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How disorderly young galaxies grow up and mature

Using a supercomputer simulation, a research team at Lund University in Sweden has succeeded in following the development of a galaxy over a span of 13.8 billion years. The study shows how, due to interstellar frontal collisions, ...

Strong magnetic fields change how friction works in plasma

Friction in plasma gets weird in the presence of very strong magnetic fields, a team of plasma researchers at the University of Michigan has shown. The findings could affect fusion energy strategies and the development of ...

Protecting earth from space storms

"There are only two natural disasters that could impact the entire U.S.," according to Gabor Toth, professor of Climate and Space Sciences and Engineering at the University of Michigan. "One is a pandemic and the other is ...

COVID gets quantum treatment for drug discovery

Since the first known case of COVID-19 in December 2019, the disease has infected over 180 million people and killed nearly four million. A successful group of vaccines that target the coronavirus's spike protein has started ...

Targeting tumors with nanoworms

Drugs and vaccines circulate through the vascular system reacting according to their chemical and structural nature. In some cases, they are intended to diffuse. In other cases, like cancer treatments, the intended target ...

Getting to the core of HIV replication

Viruses lurk in the gray area between the living and the nonliving, according to scientists. Like living things, they replicate but they don't do it on their own. The HIV-1 virus, like all viruses, needs to hijack a host ...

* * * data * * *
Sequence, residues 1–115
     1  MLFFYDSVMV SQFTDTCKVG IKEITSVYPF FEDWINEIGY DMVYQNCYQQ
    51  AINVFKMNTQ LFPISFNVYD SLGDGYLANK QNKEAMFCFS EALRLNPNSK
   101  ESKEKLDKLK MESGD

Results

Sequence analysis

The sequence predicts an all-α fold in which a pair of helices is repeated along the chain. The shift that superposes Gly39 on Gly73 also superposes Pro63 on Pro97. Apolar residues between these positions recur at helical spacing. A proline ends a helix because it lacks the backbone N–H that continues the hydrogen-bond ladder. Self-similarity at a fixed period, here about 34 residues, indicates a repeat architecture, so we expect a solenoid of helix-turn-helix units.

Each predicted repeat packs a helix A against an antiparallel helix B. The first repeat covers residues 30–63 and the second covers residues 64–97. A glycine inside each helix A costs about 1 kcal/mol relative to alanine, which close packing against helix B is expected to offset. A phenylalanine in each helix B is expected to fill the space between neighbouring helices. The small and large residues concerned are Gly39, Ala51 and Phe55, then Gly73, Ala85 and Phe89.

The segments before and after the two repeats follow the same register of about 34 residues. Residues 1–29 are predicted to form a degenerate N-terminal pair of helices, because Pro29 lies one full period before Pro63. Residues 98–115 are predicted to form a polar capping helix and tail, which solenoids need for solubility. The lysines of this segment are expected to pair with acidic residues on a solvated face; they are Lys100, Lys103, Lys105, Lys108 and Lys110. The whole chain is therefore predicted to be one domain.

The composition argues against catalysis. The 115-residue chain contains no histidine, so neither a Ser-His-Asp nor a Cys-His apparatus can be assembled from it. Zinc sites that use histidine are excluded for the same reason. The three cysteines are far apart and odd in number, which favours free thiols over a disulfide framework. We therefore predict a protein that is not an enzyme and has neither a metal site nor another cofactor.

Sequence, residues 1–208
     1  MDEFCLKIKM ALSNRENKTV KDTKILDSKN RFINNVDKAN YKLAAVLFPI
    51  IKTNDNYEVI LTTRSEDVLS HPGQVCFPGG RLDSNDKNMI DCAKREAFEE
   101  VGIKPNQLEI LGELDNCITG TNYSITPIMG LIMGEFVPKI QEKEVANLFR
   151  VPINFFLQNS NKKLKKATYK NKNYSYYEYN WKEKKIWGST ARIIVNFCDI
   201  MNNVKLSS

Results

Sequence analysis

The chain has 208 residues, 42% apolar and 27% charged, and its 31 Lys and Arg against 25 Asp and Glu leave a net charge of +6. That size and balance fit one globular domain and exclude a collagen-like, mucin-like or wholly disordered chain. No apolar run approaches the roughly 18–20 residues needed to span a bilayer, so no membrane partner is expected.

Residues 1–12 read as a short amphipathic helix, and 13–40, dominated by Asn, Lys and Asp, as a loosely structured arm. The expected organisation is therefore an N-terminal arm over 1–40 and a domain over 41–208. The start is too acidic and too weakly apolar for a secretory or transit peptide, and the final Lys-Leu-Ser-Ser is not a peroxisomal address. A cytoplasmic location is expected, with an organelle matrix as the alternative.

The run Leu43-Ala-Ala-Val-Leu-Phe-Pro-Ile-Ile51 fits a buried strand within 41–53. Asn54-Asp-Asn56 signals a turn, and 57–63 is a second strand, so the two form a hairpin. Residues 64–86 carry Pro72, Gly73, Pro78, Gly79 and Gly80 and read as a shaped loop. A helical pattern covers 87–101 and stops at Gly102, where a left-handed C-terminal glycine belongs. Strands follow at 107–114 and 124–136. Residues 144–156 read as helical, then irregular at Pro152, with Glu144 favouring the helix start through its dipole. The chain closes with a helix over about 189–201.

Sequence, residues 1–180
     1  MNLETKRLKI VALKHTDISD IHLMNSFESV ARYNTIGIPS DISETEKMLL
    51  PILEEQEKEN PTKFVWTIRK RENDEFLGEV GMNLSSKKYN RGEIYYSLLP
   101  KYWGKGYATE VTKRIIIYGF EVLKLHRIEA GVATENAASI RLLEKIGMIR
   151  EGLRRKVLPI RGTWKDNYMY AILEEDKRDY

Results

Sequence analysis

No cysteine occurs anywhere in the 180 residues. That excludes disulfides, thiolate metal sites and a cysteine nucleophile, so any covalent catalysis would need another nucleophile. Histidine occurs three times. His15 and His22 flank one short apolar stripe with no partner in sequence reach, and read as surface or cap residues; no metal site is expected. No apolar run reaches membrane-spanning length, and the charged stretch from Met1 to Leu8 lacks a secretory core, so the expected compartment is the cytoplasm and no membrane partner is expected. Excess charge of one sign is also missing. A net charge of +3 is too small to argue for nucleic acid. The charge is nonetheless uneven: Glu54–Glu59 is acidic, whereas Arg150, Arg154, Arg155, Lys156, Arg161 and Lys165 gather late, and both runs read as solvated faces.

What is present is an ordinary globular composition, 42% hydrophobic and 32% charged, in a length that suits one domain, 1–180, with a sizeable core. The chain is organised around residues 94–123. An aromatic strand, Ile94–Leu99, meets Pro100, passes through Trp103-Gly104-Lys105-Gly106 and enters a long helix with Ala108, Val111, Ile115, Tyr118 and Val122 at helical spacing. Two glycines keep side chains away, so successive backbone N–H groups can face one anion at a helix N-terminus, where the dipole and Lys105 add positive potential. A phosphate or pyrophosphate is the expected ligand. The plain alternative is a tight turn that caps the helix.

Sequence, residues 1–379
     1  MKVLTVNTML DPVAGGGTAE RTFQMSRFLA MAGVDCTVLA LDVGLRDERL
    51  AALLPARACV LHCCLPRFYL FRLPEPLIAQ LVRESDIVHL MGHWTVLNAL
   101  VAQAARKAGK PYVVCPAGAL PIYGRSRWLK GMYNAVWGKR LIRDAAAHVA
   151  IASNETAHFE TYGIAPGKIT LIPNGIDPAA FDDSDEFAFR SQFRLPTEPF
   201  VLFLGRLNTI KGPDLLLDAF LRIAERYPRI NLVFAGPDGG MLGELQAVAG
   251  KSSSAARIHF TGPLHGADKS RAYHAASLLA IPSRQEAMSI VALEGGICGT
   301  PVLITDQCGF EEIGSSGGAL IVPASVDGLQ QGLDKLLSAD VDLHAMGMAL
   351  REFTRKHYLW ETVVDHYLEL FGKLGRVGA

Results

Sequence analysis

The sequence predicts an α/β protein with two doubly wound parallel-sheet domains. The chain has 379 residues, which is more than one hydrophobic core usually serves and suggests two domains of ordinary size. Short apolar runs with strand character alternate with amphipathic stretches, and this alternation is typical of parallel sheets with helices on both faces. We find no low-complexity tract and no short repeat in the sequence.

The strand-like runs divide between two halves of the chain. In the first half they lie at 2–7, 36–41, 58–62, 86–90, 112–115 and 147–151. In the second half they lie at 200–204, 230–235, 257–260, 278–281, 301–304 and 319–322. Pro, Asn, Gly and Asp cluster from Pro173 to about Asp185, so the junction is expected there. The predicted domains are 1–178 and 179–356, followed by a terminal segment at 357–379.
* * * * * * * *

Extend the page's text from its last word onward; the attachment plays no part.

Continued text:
Tracking cosmic ghosts

The idea was so far-fetched it seemed like science fiction: create an observatory out of a one cubic kilometer block of ice in Antarctica to track ghostly particles called neutrinos that pass through the Earth. But speaking ...

First complete coronavirus model shows cooperation

The COVID-19 virus holds some mysteries. Scientists remain in the dark on aspects of how it fuses and enters the host cell; how it assembles itself; and how it buds off the host cell.

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Supercomputer

A supercomputer is a computer that is at the frontline of current processing capacity, particularly speed of calculation. Supercomputers introduced in the 1960s were designed primarily by Seymour Cray at Control Data Corporation (CDC), and led the market into the 1970s until Cray left to form his own company, Cray Research. He then took over the supercomputer market with his new designs, holding the top spot in supercomputing for five years (1985–1990). In the 1980s a large number of smaller competitors entered the market, in parallel to the creation of the minicomputer market a decade earlier, but many of these disappeared in the mid-1990s "supercomputer market crash".

Today, supercomputers are typically one-of-a-kind custom designs produced by "traditional" companies such as Cray, IBM and Hewlett-Packard, who had purchased many of the 1980s companies to gain their experience. As of July 2009[update], the IBM Roadrunner, located at Los Alamos National Laboratory, is the fastest supercomputer in the world.

The term supercomputer itself is rather fluid, and today's supercomputer tends to become tomorrow's ordinary computer. CDC's early machines were simply very fast scalar processors, some ten times the speed of the fastest machines offered by other companies. In the 1970s most supercomputers were dedicated to running a vector processor, and many of the newer players developed their own such processors at a lower price to enter the market. The early and mid-1980s saw machines with a modest number of vector processors working in parallel to become the standard. Typical numbers of processors were in the range of four to sixteen. In the later 1980s and 1990s, attention turned from vector processors to massive parallel processing systems with thousands of "ordinary" CPUs, some being off the shelf units and others being custom designs. Today, parallel designs are based on "off the shelf" server-class microprocessors, such as the PowerPC, Opteron, or Xeon, and most modern supercomputers are now highly-tuned computer clusters using commodity processors combined with custom interconnects.

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